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Brio Magazine, 2001

The Cafeteria Lady has been a popular feature of Brio Magazine since our very first issue. We thought it would be fun to give readers a little behind the scenes look this Grand Dame of Disasters--The Cafeteria Lady.

Brio: Cafeteria Lady, when did you first decide that you wanted to be, well, a cafeteria lady?

Caf Lady: In elementary school I was torn between wanting to grow up to be a chef and wanting to be a firefighter. So, in a sense, I’ve combined both.

Brio: Yes, we’ve heard about your kitchen fires.

Caf Lady: I prefer to refer to them as very large dinner candles.

Brio: Didn’t you once have a turkey explode in your oven?

Caf Lady: A minor explosion. There weren’t any injuries or anything like that. Except, of course, to the bird. I’m still waiting for one of the drumsticks to land.

Brio: So would you say you’re a danger in the kitchen?

Caf Lady: I do risk my life on occasion, but it’s a sacrifice I’m willing to make for my readers.

Brio: But you wouldn’t recommend they follow your cooking style, say, in their home economics classes?

Caf Lady: No. What I do should never be tried at home. Only by professionals.

Brio: So you do consider yourself a professional chef?

Caf Lady: Absolutely.

Brio: What kind of education do you have? Did you attend a professional chef’s school?

Caf Lady: Yes. For about a week. The school’s insurance company said I had to quit. But I learned a lot in that week.

Brio: But you didn’t attain a degree?

Caf Lady: One of the firemen said my grilled cheese attained 800-degrees before going up in smoke. Is that what you mean?

Brio: Not exactly. But we’ll move on. I believe our readers would like to know more about you personally. Are you married?

Caf Lady: Yes.

Brio: Does your husband like your cooking?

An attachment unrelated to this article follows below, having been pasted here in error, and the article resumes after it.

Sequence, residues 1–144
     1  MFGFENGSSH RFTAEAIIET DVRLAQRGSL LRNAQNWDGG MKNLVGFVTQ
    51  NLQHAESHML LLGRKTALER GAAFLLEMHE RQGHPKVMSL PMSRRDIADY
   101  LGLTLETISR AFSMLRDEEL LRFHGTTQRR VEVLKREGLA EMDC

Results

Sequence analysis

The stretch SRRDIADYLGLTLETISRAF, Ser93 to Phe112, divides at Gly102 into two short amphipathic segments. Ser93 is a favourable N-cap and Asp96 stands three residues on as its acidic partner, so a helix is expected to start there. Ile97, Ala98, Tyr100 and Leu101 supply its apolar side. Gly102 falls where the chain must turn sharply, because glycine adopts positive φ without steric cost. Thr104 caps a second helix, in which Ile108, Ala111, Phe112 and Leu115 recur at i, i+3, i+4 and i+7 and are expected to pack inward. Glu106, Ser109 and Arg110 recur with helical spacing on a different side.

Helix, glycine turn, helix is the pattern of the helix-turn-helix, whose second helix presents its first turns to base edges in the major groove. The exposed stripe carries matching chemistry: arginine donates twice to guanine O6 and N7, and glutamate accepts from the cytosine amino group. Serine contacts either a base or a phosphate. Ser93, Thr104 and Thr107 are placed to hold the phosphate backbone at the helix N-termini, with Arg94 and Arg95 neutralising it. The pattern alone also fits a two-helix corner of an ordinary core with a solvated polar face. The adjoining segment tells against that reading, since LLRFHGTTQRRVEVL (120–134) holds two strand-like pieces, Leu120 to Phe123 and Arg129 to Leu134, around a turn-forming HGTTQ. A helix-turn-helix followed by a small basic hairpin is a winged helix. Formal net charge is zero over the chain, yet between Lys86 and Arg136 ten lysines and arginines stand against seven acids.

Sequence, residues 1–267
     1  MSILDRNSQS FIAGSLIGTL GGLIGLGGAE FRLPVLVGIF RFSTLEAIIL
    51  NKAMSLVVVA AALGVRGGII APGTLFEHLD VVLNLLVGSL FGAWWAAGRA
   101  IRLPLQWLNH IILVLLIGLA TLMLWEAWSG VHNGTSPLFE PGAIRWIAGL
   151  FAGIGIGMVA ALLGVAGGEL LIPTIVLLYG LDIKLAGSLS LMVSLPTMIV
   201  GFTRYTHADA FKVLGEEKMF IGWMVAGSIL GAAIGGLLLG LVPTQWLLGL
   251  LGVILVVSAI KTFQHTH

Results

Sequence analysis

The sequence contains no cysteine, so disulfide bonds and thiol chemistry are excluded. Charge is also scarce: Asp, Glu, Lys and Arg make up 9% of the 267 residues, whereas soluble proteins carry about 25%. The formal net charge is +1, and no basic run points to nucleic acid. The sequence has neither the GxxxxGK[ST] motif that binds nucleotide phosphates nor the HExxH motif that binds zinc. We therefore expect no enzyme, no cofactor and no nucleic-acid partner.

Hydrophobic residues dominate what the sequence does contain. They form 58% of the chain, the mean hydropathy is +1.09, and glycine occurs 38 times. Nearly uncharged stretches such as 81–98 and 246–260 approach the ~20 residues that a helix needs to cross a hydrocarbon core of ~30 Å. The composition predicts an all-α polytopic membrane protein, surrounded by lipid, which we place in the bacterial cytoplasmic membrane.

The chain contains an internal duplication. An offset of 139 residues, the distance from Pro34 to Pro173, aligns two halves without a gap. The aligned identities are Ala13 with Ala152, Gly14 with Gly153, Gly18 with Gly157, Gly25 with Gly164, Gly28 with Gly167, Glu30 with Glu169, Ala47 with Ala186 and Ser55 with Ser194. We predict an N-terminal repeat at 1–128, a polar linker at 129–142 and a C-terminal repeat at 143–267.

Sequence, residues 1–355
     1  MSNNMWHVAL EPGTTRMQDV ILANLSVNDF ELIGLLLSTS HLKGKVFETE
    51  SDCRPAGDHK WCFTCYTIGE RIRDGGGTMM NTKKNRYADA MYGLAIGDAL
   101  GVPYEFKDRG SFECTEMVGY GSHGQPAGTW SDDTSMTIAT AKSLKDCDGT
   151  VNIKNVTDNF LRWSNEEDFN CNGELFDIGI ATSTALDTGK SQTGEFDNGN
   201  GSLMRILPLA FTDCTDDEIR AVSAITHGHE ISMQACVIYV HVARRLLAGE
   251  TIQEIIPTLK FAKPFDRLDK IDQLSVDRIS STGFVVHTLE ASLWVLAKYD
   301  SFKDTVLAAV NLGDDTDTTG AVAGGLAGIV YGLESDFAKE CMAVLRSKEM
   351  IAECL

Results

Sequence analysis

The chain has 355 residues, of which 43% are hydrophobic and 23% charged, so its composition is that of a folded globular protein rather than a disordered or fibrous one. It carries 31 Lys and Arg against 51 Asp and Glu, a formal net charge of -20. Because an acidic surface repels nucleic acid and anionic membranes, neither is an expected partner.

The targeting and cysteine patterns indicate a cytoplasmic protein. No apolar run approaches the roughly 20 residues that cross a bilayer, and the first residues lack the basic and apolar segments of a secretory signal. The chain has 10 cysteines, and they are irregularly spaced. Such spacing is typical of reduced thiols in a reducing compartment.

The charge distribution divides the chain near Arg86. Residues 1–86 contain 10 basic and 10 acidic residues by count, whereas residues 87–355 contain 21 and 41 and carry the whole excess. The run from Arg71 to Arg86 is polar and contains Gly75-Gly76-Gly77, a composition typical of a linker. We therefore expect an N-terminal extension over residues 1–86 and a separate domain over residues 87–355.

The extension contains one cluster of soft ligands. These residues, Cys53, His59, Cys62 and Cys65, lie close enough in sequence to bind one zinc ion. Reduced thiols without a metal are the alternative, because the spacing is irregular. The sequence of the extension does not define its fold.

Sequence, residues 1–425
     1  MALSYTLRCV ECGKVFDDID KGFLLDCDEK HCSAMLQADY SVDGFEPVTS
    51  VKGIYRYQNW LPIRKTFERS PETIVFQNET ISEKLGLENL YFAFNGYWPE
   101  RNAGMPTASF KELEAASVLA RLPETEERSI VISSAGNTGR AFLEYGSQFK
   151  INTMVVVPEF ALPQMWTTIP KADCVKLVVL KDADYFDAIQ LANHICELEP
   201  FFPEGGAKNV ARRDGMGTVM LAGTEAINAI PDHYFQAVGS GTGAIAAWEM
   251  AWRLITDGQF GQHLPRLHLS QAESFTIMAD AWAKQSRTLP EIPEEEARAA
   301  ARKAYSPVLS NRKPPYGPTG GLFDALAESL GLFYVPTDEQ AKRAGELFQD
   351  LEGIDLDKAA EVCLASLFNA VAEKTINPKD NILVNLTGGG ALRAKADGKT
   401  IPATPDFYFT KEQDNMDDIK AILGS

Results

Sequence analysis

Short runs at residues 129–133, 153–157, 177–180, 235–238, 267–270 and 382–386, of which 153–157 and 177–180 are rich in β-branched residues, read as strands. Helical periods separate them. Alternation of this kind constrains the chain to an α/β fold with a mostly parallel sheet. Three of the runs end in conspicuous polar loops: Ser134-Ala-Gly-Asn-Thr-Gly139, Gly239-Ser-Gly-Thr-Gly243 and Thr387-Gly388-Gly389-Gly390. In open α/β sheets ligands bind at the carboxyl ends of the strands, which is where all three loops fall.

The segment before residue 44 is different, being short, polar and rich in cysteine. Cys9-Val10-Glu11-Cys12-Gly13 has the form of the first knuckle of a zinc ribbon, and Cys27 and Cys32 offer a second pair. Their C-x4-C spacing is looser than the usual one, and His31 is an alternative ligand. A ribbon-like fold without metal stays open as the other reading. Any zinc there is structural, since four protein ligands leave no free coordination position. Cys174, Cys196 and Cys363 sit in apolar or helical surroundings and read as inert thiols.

Caf Lady: I don’t know. He always disappears around dinner time.

Brio: Do you have any hobbies?

Caf Lady: Hobbies?

Brio: You know like collecting rocks.

Caf Lady: Is that a crack about my biscuits?

Brio: We’ll move on to another question. What’s it been like working with Susie Shellenberger and Marty McCormick over the years.

Caf Lady: It’s been great. Susie’s a real kick. And she’s always been so appreciative of the gifts I’ve sent her at Christmastime.

Brio: We heard she laid half her patio with your fruitcakes.

Caf Lady: She did that for sentimental reasons, I’m sure. Marty’s been lots of fun, too.

Brio: How long have you been writing for Brio?

Caf Lady: Susie offered me this column when the magazine first started 14 years ago.

Brio: That’s a long time.

Caf Lady: I know.

Brio: That’s a lot of stomachaches.

Caf Lady: Yes, but they love it. There’s something about my cooking that people just can’t forget.

Brio: Salmonella has a way of doing that.

Caf Lady: You stick to your cooking secrets, I’ll stick to mine.

Brio: Fair enough. One project you have coming up is the Cafeteria Lady Best Cafeteria Food in America contest. Tell us about that.

Caf Lady: I'm on a mission from Tums. Just kidding. Actually, I'm visiting one school per state to see which state, in my humble opinion, has the best cafeteria food. Pray for me.

Brio: And you'll be starting that this year?

Caf Lady: Yes, girls are already writing in and inviting me to their schools. One girl even wrote from Pakistan! I'd love to go, but as you know we're on a budget and that's a little far to swim.

Brio: You'll be sure to give us regular updates and pictures, right?

Caf Lady: Absolutely! I'll even send you samples of the food.

Brio: That's all right.

Caf Lady: It's no problem.

Brio: No, really. That's all right.

Caf Lady: You've eaten my cooking. How bad could it be?

Brio: We'll be praying for you.

Caf Lady: Well, I know there's got to be some great cafeteria food out there, and I'm going to find it, even if it kills me. Wait a minute...bad choice of words.

Brio: We appreciate you taking time out of your busy schedule to talk with us.

Caf Lady: No problem.

Brio: Just one final questioon. Do you have any plans of retiring soon?

Caf Lady: Are you kidding? The look I see on people’s faces when I cook for them is all I need to keep me going.

Brio: A look of terror does that for you?

Caf Lady: To the untrained eye it may look like terror. But I look beyond the wide eyes and greenish tint in their cheeks and see love and gratitude.

And suddenly, it’s all worth it.

Copyright 2001-2005 Martha Bolton. All rights reserved.09/24/12 09:36 AM
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